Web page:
I did a drive down from The Burg to one of the easternmost points of the State of Maryland.  In fact, the person I was with and I headed over into Delaware for a little shopping, making that my first visit to that state.  But I was out on the road early, heading south at 6:30 AM, the live recording of The Wall in Berlin blasting from the car stereo.  It was such that just as I was heading north up I-95 out of Baltimore that Comfortably Numb came on, and the combination of the sun shinning, the light traffic, and the sensation of being all wrapped up in my little warm cocoon produced one of those moments that you don’t forget soon, or ever.

And remember the talk that I was getting a makeover?  Yeah, I had some work done on my eyes, and tried a new shade of lipstick.  I also combined that with the first wig I ever owned, and it brought about a radical change in my appearance?  How radical?

Don't mind me; I'm just showing off my pretty face.

Don’t mind the Lady Writer; I’m just showing off my pretty face.

Yeah, pink nails and eyes, and it’s really a good look for me.  The smile helps as well:  I was having such a good time yesterday that smiling came easy.  A few of my friends even pointed out that I appeared “radiant”, and for the first time I saw that in this and another picture.  As for the people who mentioned that I looked a bit like a suburban soccer mom:  I do, and I don’t mind one bit.  It’s better that I look like millions of other women and not someone trying to relive their twenties.  That would be the disco era for me–well, I do have some platform sandals . . .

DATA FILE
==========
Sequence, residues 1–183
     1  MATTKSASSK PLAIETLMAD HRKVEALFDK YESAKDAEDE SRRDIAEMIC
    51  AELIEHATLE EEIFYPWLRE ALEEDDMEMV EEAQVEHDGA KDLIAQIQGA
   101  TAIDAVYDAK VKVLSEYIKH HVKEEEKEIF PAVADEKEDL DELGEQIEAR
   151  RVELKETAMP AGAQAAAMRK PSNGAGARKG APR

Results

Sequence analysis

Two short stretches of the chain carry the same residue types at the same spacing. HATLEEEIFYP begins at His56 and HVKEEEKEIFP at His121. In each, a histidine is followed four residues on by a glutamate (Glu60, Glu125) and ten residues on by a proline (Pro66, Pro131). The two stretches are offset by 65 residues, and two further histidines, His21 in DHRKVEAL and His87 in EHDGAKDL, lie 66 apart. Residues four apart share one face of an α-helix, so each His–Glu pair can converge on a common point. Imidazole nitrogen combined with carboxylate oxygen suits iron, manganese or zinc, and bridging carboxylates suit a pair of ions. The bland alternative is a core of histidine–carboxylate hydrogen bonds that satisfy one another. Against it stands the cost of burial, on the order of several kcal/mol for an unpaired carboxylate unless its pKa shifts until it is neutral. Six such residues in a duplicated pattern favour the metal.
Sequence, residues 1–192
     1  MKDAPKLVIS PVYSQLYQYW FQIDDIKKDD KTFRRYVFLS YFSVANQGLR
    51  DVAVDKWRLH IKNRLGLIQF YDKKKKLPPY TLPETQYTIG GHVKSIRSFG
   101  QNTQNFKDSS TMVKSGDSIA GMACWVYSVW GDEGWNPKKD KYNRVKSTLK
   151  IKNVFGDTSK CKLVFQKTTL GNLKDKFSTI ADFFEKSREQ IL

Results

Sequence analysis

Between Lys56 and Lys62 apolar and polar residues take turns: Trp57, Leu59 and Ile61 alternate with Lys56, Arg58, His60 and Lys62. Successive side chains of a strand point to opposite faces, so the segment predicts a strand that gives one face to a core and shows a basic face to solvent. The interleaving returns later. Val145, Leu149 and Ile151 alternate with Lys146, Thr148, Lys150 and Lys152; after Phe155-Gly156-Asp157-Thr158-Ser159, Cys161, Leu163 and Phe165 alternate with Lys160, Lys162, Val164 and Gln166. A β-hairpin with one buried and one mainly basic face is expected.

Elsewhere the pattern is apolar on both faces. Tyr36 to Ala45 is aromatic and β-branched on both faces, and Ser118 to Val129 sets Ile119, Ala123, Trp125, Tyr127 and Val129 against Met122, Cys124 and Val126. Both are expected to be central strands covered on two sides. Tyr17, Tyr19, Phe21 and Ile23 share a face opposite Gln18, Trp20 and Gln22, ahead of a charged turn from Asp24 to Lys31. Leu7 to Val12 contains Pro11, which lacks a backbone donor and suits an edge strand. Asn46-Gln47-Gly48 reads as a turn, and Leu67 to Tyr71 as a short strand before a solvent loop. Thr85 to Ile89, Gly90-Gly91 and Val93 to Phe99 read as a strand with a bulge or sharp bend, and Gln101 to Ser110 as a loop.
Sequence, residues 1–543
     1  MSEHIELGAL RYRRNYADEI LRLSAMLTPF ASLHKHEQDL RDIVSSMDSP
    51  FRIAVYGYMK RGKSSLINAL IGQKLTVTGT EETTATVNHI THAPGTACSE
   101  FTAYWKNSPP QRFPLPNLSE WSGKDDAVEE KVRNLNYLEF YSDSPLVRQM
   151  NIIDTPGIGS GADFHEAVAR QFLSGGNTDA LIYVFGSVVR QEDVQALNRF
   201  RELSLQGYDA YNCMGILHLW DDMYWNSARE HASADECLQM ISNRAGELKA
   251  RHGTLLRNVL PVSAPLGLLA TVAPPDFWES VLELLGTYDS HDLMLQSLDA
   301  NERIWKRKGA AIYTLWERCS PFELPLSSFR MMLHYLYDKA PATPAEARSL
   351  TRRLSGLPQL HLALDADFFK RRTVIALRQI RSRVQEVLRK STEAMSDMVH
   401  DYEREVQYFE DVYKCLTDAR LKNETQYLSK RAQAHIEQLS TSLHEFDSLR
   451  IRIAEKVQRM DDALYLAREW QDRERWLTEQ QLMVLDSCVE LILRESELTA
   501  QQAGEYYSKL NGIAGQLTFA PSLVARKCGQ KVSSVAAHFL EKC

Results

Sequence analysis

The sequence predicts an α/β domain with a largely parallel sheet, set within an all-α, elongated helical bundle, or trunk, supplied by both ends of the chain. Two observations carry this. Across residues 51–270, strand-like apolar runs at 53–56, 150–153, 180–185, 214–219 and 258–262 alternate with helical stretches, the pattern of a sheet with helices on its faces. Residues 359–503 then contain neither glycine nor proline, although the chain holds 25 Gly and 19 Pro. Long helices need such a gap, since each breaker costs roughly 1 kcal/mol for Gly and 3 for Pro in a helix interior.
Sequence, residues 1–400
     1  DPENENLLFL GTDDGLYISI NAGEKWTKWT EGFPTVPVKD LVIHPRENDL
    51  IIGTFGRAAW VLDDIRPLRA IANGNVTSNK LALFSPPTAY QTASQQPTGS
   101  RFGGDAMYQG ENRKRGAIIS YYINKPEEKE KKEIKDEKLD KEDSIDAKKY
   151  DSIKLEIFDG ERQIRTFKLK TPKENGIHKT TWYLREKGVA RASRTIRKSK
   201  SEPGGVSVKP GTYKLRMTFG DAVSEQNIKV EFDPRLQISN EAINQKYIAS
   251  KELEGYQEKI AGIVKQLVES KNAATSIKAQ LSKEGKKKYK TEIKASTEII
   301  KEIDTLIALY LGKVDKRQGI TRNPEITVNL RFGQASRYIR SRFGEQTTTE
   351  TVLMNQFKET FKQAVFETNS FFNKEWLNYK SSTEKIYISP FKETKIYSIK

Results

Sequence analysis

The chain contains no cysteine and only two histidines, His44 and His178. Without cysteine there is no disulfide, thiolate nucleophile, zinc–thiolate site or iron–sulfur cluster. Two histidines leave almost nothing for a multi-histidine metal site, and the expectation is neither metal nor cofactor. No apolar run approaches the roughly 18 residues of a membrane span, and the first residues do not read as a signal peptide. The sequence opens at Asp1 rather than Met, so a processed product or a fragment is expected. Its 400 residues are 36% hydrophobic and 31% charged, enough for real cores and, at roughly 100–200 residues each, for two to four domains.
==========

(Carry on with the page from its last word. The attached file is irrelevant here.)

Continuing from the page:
During the two hour drive two and from Maryland and The Burg, I did think about my story.  I thought about a lot of things, and for anyone reading this that happened to be on the I-695/I-83 junction and saw some crazy blond in a CR-V singing as loud as she could, bobbing her head and doing a lot of arm motions like she was performing–that was me listening to Paradise by the Dashboard Light.  Yeah, I do that sometimes when I’m in the car.

The upshot of all this is after making it home, after checking updates and loading pictures and the like, after saying hi to people I hadn’t seen online all day–I tried to write and found myself just too damn pooped to do more than start the next scene and produce about two hundred words.  I was tired, sure, but the subject had to do with the death of people at my fictional school, and the mind simple didn’t want to wrap around that nastiness.

It had been a good day filled with life.

I’ll leave the talk of death for later.

Out Time, With Friends

It’s been a busy day, and it’ll be an even busier one tomorrow.  I’ll be up at six and on the road not long after that.  Then it’s off to points south for an early morning meeting with someone I know from Facebook.  After that it’s going to be lunch and shopping, hanging out, doing girl things, and then a two-hour drive back home.